Sole proprietors do have planning opportunities to minimize their taxes. This includes using startup losses against other personal income as well as considerations of RRSP strategies along with other investments, timing of acquiring business assets and income spitting opportunities. Tax planning is an ongoing process that involves arranging your income tax affairs to legally minimize your taxes as permitted under the Canadian income tax system.
While start-up losses incurred by a corporation are not be personally deductible, sole proprietorships can use business losses against other income. It is best practice to put together a business plan for a new venture and this would include a forecasted budget. If you anticipate start-up losses over the first year or two, consider starting your business as a sole proprietorship or partnership and only incorporate once you become profitable.
You may also be able to offset income taxed at the higher tax brackets in the current year and maintain losses to offset future high-rate income in the future. If you have business losses from prior years, you may only want to use sufficient losses to offset income taxed at the higher tax brackets. You should not use losses to reduce income below your non-refundable tax credits.
To minimize income and potentially incur tax deductible losses – ensure that you take advantage of all available deductions, including automobile expenses, parking, business association fees, home-office expenses (except for depreciation that may reduce your principal residence exemption), entertainment, convention expenses (a maximum of two per year), cell phone, depreciation on your computer, private health-care premiums as a business expense instead of a medical expense, and one-half of Canada Pension Plan paid in respect of self-employed earnings.
Registered Retirement Savings Plans (RRSPs) may also be used as part of a sole proprietorship strategy. RRSPs often have funds trapped in them that would be taxed when withdrawn. If you have business losses in the current year or carried forward from a prior year, consider taking money out of an RRSP to shelter the tax that would otherwise be payable. RRSPs are not necessarily for retirement – they are a tax minimization tool that should be contributed to when in high tax brackets and they should be drawn down on in tax efficient manner. The funds can always be reinvested in other vehicles to save for retirement. Funds that are withdrawn from the RRSP can be reinvested in a Tax Free Savings Account (TFSA) to the extent you have contribution room or, invested in stocks or other capital property that would give rise to capital gains that are subject to a lower rate of tax.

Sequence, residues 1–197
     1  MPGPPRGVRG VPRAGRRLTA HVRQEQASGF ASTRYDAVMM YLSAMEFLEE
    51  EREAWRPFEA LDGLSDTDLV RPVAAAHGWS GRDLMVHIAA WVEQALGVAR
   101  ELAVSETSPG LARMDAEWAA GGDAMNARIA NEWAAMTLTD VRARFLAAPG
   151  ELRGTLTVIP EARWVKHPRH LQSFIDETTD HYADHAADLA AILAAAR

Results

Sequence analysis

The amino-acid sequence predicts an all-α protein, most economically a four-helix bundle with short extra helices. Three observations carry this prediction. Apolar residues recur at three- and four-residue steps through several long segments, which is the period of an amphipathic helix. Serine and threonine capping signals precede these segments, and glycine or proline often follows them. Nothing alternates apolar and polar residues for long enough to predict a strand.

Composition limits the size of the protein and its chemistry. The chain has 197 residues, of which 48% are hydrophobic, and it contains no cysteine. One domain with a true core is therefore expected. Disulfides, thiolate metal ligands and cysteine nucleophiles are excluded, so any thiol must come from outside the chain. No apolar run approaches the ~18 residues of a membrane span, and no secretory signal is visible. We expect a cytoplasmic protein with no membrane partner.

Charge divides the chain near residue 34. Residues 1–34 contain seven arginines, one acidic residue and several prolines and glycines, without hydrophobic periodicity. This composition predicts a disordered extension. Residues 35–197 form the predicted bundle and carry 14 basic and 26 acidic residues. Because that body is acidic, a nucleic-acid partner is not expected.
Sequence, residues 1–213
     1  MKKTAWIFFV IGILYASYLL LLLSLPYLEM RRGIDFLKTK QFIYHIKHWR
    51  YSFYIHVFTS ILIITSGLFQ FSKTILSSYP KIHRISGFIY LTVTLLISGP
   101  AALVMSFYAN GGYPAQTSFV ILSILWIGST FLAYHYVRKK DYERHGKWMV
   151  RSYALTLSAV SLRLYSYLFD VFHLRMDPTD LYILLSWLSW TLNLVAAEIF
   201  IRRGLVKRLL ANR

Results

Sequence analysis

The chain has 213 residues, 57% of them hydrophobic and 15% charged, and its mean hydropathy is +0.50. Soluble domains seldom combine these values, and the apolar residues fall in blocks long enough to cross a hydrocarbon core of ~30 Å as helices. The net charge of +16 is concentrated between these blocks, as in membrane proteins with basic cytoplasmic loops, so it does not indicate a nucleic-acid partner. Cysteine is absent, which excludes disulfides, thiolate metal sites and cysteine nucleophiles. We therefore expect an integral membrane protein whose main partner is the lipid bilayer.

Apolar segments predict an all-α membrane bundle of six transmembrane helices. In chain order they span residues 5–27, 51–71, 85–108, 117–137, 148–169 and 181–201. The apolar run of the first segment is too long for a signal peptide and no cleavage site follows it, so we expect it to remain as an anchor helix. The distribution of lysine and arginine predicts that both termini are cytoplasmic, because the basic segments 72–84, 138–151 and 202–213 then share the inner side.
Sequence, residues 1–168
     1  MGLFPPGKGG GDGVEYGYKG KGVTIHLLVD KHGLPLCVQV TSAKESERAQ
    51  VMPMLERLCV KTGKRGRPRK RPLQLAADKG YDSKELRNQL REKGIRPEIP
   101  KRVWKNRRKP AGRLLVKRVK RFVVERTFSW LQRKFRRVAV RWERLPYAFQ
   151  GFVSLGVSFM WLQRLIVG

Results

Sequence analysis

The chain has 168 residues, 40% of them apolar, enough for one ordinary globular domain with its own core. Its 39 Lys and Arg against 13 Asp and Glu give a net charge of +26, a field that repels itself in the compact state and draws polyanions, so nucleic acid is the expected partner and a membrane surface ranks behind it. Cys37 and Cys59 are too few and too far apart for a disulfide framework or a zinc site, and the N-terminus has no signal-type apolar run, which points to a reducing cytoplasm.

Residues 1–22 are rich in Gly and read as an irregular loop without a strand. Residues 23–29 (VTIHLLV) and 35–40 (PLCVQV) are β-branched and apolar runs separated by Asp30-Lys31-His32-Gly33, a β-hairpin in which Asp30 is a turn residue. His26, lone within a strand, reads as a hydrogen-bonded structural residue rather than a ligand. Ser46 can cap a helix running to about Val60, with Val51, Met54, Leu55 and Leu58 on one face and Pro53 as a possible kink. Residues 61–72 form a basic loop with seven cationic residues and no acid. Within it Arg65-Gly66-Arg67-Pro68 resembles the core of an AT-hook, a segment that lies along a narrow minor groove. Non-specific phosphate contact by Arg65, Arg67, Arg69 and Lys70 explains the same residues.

It should also be noted that the RRSP rules allow individuals who are self-employed to save substantial amounts through RRSP’s comparable to those which can be provided to employees on a similar basis through pension plans.
Gains or losses on capital assets within your sole proprietorship can also be used against your general capital assets. If you have, or expect to have, any net capital gains or losses from the disposition of capital property used in the proprietorship, consider realizing any net capital gains or losses from the disposition of securities held in your investment portfolio to shelter or offset the resultant gain or loss to minimize your overall tax burden.
Business assets may also be acquired near the calendar year end to decrease your personal taxes. Business assets acquired before December 31 may be eligible to claim capital cost allowance (depreciation for Canadian income tax purposes) in the current year. However, to benefit from a tax deduction, the assets must be “available for use.”
If you are thinking of disposing of business assets, remember that, the disposal of assets that have appreciated in value can create significant income tax liabilities. Although it’s generally recommended that you dispose of an asset at the beginning of the next fiscal period, there may be options available to defer or reduce the potential tax liability on the sale of a significant capital asset, including the replacement property election.
Also consider income splitting opportunities by paying your family. If your partner or other family members participate in the business, a reasonable salary paid may be deducted. You might also consider making another family member the owner or partner in the business to split income.
This information is for discussion purposes only and should not be considered professional advice. There is no guarantee or warrant of information on this site and it should be noted that rules and laws change regularly. You should consult a professional before considering implementing or taking any action based on information on this site. Call our team for a consultation before taking any action.